(C) But some might object that those substitutions are absurd. So try just substituting "ink" for "ug":

Nearly everyone who uses hard drinks started out using soft drinks, therefore to combat hard drink use we have to stop soft drink use too. Therefore we should ban soft drink use.

Then you can append a note about the current dentists' campaign on radio. In case you haven't heard it, it goes something like "The American Dental Association and your local dentists want to remind you teens that if you sip soft drinks all day, you'll get tooth decay." (with just enough emphasis on the "day/decay" rhyme to punch up its impact).

- - - - -

But, having said all that, I'll throw in a contrary:

In the context of this particular "hard drugs"/"soft drugs" argument, as is often the case the adjective "illegal" is left unsaid. From experience, we all know that what is meant to be the subject here is use of illegal drugs, not just use of any old drugs such as caffeine and nicotine.

Why has our society decided to enact legal prohibitions on some drugs but not others? Though to some extent it's just politics, it's been widely, if not universally, recognized that the use of some types of drugs is detrimental to society because the users, while under the influence, tend to make choices that are harmful to society as a whole. E.g., violence, theft, abandonment of long-term productive work, and self-destruction through bodily health effects.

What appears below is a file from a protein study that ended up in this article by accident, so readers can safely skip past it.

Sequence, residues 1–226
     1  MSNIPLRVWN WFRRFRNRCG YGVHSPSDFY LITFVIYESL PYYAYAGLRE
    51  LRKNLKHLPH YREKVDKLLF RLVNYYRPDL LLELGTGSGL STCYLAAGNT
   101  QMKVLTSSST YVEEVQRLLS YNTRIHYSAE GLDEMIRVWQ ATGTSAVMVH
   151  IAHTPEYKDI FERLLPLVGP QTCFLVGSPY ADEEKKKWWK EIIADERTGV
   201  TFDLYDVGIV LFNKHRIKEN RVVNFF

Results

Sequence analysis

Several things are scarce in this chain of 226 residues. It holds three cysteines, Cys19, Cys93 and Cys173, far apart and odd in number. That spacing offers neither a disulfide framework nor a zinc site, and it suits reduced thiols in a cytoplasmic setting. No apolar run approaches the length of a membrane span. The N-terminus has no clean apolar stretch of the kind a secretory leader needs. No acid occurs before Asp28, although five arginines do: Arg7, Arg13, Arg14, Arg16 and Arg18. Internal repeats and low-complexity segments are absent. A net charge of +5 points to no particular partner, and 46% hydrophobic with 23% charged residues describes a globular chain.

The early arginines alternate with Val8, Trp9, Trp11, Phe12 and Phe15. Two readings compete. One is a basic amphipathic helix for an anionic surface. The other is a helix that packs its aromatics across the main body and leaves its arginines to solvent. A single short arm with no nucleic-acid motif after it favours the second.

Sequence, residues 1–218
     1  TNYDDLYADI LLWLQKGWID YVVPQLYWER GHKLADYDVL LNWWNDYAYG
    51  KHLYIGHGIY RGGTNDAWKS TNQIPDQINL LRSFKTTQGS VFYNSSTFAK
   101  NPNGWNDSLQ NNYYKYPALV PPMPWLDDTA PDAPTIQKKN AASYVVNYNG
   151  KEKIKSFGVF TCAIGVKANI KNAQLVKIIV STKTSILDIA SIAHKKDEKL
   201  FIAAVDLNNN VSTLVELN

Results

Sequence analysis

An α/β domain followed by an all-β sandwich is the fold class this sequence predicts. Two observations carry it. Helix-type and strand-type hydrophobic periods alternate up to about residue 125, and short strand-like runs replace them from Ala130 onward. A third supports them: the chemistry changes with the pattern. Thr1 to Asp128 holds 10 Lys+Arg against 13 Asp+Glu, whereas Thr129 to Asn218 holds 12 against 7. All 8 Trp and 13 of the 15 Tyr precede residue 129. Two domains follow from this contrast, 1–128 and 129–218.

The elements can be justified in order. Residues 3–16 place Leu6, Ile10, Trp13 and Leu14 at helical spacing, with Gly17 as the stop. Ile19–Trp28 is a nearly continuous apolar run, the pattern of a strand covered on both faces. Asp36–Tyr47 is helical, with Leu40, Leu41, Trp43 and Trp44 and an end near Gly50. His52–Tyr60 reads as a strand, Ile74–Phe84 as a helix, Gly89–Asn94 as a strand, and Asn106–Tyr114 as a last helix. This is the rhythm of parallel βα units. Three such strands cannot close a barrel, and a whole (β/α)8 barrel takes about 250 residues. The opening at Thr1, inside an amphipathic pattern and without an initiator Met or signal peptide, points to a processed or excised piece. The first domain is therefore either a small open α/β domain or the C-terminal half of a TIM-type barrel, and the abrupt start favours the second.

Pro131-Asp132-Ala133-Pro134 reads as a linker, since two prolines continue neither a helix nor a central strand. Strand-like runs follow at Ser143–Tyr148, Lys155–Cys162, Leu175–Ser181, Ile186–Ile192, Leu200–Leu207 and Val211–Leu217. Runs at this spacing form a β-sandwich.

But only recently has scientific study clarified the mechanism by which some addictive drugs operate.

Basically, opiates and other addictive drugs have been found to "hijack" some of the human body's basic biochemical subsystems that usually operate to help people make rational positive pro-survival choices. They convert some basic survival instincts into very powerful drives to maintain addiction to the drug. This conversion results in the harmful effects as above.

I favor using these findings to design means to discourage use of undesirably addictive drugs. I'm not claiming this is a universal answer, just that it could be more effective than any current Drug War tactics for some fraction of the population. I presume I'm not the first to think of this, and that such plans are already in progress somewhere where it'll do some good.
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Old 2003-08-02, 17:23   #5
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I won't allow my children to participate in DARE "education" for precisely this reason. They're smart little buggers and they would spot the logical and statistical fallacies and outright lies with just a little thinking. I don't want them to get the sense that everything bad said about drugs is true just because some people use lies and misleading information to try to manipulate them into not taking drugs. I've already talked to my 8 year old daughter about things like her grandfather's struggle to quit smoking, what addiction is, what kinds of drugs are physically addicting, what kinds of drugs are not, and why some are addicting to some people and not others. We've had discussions about the societal effects of making drugs illegal, and what might happen if drugs were made legal.